differences between different models were statistically significant.

A ~0.05was consideredto be statistically sigtuficant.

4. RESULTS

Table 1 shows the results of the classification, for the vahdation set, considering a rejection threshold of 0.5. In the first column,it is shown the average recognition rate in % for the 10 simulations. The second column shows the recognition rate in % for the best trained network. The rows correspond to the following architectures: GNI=global network with an image as input; GNS=globalnetwork with slopes as inputs; GNP=globalnetwork with radial projectioq MNCN=modularnetwork for image, radial projection and slope with cooperation performed by a neural network; MNCW=modularnetwork for image, radial projection and slope with cooperation by weights; MNDN="dular networks for digits and cooperation by a neural network, MNDFmodular networks for digits and cooperation by weights

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In the case of MNCN, no s:ignificantimprovement was measured if the input patterns were included in the cooperationin addition to the modular networks. Therefore,the irtcrease in the dimensions of the network for cooperation is not jus.tified. It is observed from Table 1, that WCN with tmperation by weights presents higher recognitionrate thanglobal networks (~~0.001).

Table 2 has the same organization as Table 1. In Table 2, no rejection rate was considered It is obsemed that modular networks for features achieve the best classification performance. The differences in classification rate between global and modular neural networks are highly sigmficant (p<O.OOOl). sigtuficant differences between cooperation with tlie neural network and that obtained by the weights @0.068). ?here were no significant differenceswhen input patkms were included in the cooperation in addition to the outputs from the modular networks. Figure 7 shows the error rate as a fimction of the rejection rate for global networks and for modular networks for features. It is observed that the lowest error rates are obtainedfor the modular network and for the global network with slopes as inputs. The highest mor rates correspond to the case ofthe: global network with radial projection as input.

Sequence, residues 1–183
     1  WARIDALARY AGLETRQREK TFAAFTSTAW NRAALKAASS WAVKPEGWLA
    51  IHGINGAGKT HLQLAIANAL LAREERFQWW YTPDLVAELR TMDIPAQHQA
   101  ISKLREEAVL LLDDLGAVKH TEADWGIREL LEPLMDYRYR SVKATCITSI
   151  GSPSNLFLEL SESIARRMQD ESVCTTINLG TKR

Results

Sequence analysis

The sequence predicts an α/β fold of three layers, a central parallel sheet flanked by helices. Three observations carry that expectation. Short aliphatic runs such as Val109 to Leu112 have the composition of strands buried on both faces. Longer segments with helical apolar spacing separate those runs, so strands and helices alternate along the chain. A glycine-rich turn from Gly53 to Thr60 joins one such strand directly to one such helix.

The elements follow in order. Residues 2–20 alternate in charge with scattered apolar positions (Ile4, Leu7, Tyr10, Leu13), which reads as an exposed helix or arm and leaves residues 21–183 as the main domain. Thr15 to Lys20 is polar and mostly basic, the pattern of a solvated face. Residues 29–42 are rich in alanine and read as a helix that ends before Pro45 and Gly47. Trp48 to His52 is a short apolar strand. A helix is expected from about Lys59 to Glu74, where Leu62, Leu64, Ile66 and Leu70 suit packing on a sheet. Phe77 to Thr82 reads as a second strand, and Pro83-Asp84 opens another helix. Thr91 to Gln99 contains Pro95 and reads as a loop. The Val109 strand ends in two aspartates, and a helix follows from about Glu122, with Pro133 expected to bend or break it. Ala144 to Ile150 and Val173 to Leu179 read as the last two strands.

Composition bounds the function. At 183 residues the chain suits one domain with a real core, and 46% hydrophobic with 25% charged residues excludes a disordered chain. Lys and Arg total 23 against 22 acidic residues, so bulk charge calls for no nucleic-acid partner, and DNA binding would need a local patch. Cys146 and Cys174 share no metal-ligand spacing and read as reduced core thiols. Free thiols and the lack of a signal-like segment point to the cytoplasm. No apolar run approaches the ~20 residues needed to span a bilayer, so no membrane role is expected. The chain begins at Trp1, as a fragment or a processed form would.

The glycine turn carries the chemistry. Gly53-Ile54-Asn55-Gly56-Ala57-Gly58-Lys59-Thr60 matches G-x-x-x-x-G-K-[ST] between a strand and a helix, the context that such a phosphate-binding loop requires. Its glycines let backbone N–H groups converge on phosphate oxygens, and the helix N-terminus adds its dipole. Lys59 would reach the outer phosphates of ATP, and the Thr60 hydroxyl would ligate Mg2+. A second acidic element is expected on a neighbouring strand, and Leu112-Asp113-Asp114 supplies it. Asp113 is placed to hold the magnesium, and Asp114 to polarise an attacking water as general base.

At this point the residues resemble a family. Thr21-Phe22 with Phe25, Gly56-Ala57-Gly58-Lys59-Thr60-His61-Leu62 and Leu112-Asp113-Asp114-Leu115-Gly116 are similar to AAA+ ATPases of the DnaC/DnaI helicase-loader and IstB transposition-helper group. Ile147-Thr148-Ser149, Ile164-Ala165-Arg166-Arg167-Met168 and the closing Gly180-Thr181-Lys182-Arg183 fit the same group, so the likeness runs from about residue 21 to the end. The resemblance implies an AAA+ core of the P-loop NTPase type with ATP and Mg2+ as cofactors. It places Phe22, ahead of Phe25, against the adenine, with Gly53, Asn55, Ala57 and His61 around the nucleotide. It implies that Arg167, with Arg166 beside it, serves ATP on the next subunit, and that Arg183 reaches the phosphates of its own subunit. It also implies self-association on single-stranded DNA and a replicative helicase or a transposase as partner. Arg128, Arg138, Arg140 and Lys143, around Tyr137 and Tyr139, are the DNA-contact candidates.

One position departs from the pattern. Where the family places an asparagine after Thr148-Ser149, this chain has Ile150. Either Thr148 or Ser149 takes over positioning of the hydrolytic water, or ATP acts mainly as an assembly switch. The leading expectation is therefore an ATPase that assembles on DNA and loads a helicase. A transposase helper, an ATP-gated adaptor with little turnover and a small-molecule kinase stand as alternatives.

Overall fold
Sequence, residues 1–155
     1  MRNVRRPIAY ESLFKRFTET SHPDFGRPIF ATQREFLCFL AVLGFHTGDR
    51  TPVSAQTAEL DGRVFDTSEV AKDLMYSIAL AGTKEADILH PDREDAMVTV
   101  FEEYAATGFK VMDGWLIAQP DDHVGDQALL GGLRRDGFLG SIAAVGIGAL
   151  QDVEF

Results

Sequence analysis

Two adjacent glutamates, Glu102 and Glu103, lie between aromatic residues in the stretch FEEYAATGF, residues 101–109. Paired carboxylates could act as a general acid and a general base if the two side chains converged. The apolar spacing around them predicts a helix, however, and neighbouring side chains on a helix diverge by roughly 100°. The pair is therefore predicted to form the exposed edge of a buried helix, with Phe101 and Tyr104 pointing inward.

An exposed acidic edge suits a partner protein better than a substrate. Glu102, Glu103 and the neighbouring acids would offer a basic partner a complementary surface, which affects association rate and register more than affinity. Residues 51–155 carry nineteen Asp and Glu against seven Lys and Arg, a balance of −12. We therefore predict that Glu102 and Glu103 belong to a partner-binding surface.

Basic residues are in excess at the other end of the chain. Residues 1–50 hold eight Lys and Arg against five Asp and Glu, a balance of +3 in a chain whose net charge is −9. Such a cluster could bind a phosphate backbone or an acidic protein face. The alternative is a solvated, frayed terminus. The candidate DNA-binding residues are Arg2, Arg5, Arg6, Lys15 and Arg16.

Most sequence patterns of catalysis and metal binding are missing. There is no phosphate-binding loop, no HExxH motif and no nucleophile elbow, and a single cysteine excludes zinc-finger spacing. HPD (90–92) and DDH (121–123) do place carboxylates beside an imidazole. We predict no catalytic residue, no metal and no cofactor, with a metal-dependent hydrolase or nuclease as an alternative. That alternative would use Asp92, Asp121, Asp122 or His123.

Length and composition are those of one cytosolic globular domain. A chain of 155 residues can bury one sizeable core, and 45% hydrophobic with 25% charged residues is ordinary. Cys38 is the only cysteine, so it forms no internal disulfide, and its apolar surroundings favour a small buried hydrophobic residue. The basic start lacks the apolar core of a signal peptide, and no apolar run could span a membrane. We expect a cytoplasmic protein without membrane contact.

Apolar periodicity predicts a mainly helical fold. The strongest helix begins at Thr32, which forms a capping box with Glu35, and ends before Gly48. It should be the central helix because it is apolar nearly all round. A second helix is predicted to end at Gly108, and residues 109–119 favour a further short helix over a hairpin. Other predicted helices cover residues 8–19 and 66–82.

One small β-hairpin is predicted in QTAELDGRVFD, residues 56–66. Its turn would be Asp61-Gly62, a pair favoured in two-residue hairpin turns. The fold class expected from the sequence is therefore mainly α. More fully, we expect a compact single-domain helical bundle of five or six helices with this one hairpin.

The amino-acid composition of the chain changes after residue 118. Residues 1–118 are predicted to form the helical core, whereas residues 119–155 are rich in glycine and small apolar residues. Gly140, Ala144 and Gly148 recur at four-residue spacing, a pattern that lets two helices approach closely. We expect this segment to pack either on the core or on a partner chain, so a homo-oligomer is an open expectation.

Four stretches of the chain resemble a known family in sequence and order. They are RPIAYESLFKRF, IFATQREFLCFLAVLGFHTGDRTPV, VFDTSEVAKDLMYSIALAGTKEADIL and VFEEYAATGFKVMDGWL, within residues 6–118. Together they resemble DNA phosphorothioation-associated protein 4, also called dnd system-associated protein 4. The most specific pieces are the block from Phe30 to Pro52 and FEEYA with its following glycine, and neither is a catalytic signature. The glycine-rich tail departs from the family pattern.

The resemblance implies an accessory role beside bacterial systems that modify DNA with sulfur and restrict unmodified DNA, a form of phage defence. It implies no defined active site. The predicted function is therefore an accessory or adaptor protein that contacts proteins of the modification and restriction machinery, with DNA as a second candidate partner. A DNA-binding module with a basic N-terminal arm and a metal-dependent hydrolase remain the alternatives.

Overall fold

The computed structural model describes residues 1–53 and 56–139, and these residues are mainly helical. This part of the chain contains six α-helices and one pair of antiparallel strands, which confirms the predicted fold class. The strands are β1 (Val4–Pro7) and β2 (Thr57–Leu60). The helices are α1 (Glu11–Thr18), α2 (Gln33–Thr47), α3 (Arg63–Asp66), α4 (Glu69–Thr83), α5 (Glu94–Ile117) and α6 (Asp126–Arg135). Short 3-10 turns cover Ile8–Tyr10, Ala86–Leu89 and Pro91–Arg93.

Table 1: Results of classification perftmmce on the validation set, considering a rejection threshold of '0.5. In the first column, it is shown the average recowition rate in YOfor the 10 simulations. The second column shows the recognibion rate in YOfor the best trained network. The rows correslpond to the following architectures: GNI=global network with an image as input; GNSglobal network with slopes as inputs; GNP=global network with radial projection; MNCN=modularnetwork for image, radial projection and slope with cooperation performed by a neural network; MNCW=modular network for image, mhal projection and slope with cooperation &y weights; bdNDN=modularnetworks